About Istanbul, Turkey
The only city in the world that can lay claim to straddling two continents, Istanbul—once known as Constantinople, capital of the Byzantine and then the Ottoman Empire—has for centuries been a bustling metropolis with one foot in Europe and the other in Asia. Istanbul embraces this enviable position with both a certain chaos and inventiveness, ever evolving as one of the world’s most cosmopolitan crossroads.It’s often said that Istanbul is the meeting point of East and West, but visitors to this city built over the former capital of two great empires are likely to be just as impressed by the juxtaposition of old and new. Office towers creep up behind historic palaces, women in chic designer outfits pass others wearing long skirts and head coverings, peddlers’ pushcarts vie with battered old Fiats and shiny BMWs for dominance of the noisy, narrow streets, and the Grand Bazaar competes with modern shopping malls. At dawn, when the muezzin's call to prayer resounds from ancient minarets, there are inevitably a few hearty revelers still making their way home from nightclubs and bars.Most visitors to this sprawling city of more than 14 million will first set foot in the relatively compact Old City, where the legacy of the Byzantine and Ottoman empires can be seen in monumental works of architecture like the brilliant Aya Sofya and the beautifully proportioned mosques built by the great architect Sinan. Though it would be easy to spend days, if not weeks, exploring the wealth of attractions in the historical peninsula, visitors should make sure also to venture elsewhere in order to experience the vibrancy of contemporary Istanbul. With a lively nightlife propelled by its young population and an exciting arts scene that’s increasingly on the international radar—thanks in part to its stint as the European Capital of Culture in 2010—Istanbul is truly a city that never sleeps. It’s also a place where visitors will feel welcome: Istanbul may be on the Bosphorus, but at heart it’s a Mediterranean city, whose friendly inhabitants are effusively social and eager to share what they love most about it.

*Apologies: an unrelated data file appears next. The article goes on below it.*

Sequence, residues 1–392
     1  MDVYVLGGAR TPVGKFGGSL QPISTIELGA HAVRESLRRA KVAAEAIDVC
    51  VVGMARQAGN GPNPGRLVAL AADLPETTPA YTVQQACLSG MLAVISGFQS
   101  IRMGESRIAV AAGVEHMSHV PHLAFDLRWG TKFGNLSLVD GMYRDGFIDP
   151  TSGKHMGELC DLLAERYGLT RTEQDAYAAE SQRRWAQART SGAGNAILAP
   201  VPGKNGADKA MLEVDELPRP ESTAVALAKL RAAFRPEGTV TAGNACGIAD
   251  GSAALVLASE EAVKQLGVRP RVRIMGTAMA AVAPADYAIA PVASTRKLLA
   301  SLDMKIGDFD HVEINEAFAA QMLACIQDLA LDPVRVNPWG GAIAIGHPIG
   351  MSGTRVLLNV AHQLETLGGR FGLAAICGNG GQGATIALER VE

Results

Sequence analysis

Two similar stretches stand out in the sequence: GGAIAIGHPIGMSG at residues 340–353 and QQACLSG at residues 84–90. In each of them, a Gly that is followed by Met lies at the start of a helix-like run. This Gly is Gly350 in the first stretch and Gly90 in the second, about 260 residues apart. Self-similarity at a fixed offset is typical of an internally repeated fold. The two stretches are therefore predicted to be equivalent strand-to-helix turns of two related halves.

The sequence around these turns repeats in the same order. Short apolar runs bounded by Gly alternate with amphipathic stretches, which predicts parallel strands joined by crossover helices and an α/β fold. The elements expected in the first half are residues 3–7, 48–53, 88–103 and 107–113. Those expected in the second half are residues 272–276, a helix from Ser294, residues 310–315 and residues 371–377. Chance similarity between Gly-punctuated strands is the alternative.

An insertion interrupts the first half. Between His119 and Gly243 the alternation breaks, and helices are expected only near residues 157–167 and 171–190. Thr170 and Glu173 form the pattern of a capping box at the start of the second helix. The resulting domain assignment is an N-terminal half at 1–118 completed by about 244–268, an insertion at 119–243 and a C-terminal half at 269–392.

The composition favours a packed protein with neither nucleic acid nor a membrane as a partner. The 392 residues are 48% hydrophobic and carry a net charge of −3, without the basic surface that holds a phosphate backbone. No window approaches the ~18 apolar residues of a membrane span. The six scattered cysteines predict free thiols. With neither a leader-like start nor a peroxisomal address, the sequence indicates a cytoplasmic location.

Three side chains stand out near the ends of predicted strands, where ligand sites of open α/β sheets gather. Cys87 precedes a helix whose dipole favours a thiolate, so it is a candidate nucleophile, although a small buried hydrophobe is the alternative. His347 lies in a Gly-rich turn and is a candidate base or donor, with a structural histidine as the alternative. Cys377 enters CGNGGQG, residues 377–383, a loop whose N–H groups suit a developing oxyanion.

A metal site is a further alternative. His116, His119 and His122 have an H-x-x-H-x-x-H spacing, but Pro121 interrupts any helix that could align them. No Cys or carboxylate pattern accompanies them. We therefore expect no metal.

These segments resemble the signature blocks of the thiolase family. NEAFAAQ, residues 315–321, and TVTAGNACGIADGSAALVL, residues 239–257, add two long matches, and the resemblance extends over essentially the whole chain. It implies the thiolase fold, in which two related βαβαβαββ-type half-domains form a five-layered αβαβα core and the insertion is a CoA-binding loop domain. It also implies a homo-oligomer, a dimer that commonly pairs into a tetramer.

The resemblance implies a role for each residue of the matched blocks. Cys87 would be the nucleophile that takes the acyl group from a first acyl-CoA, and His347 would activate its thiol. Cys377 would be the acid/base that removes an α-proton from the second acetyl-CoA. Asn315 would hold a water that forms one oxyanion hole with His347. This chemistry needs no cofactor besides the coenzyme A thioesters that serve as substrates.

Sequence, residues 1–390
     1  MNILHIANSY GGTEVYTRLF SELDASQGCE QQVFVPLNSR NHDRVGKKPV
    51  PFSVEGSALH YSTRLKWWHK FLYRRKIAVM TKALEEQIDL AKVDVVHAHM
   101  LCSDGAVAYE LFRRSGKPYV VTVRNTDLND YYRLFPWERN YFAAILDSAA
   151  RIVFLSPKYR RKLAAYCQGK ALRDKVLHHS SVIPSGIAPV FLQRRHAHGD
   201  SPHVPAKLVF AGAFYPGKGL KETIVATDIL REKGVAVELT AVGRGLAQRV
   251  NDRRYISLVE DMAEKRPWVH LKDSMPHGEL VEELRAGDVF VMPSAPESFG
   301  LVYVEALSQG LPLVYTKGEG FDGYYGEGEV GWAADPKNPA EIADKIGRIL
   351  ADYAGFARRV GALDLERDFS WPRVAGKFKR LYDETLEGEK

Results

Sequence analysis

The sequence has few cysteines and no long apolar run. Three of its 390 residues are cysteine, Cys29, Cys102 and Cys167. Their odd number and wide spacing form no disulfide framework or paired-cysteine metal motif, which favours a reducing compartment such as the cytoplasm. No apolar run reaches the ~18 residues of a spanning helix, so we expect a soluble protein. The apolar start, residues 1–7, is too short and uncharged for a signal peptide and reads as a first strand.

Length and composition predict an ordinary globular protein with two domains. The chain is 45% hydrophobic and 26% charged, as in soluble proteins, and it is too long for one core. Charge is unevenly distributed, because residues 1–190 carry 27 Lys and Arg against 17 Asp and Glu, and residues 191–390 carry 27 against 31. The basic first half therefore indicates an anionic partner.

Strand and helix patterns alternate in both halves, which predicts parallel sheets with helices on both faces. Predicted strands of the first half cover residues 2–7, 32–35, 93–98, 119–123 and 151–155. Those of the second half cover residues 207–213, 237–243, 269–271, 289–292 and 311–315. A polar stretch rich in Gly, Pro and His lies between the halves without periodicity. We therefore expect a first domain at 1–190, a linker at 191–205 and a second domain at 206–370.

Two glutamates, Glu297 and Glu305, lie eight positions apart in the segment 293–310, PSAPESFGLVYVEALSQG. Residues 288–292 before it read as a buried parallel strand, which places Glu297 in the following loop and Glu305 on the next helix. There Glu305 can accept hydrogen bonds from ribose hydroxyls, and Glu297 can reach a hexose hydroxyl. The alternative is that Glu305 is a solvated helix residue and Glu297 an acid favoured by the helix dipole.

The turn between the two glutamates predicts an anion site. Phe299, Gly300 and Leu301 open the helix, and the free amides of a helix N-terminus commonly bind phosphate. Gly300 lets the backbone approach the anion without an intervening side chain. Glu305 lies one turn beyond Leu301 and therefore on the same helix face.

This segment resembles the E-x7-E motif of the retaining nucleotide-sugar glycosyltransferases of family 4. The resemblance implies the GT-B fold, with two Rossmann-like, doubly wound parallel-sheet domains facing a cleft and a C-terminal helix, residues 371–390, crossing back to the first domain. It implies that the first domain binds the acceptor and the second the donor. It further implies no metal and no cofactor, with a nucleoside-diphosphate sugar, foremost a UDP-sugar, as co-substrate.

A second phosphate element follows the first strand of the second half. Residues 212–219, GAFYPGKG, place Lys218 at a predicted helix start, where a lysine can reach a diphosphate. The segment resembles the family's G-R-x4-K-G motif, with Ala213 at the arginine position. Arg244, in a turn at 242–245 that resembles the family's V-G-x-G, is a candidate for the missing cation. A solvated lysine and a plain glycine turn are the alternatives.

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Things You Can't Miss
Time-travel to the era of Ottoman sultans and harems at Topkapi Palace, with minarets, courtyards, tiled walls and an exquisite cache of jewels.
Communal baths and bracing massages are a way of life here. Try the historic Süleymaniye Hamam, built for Sultan Suleiman the Magnificent in the 1550s.
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Bargain for a rug or ceramics from Iznik at the covered Grand Bazaar. Take your time haggling — between sips of mint tea.
Fresh from restoration, the massive Hagia Sophia is a former Greek basilica-turned-mosque and now a museum. See tombs, art, tiles, mosaics and more.
Called Blue Mosque for its colorful interior, Sultan Ahmed Mosque still is a place of prayer. Nonworshippers cannot visit during daily prayers.
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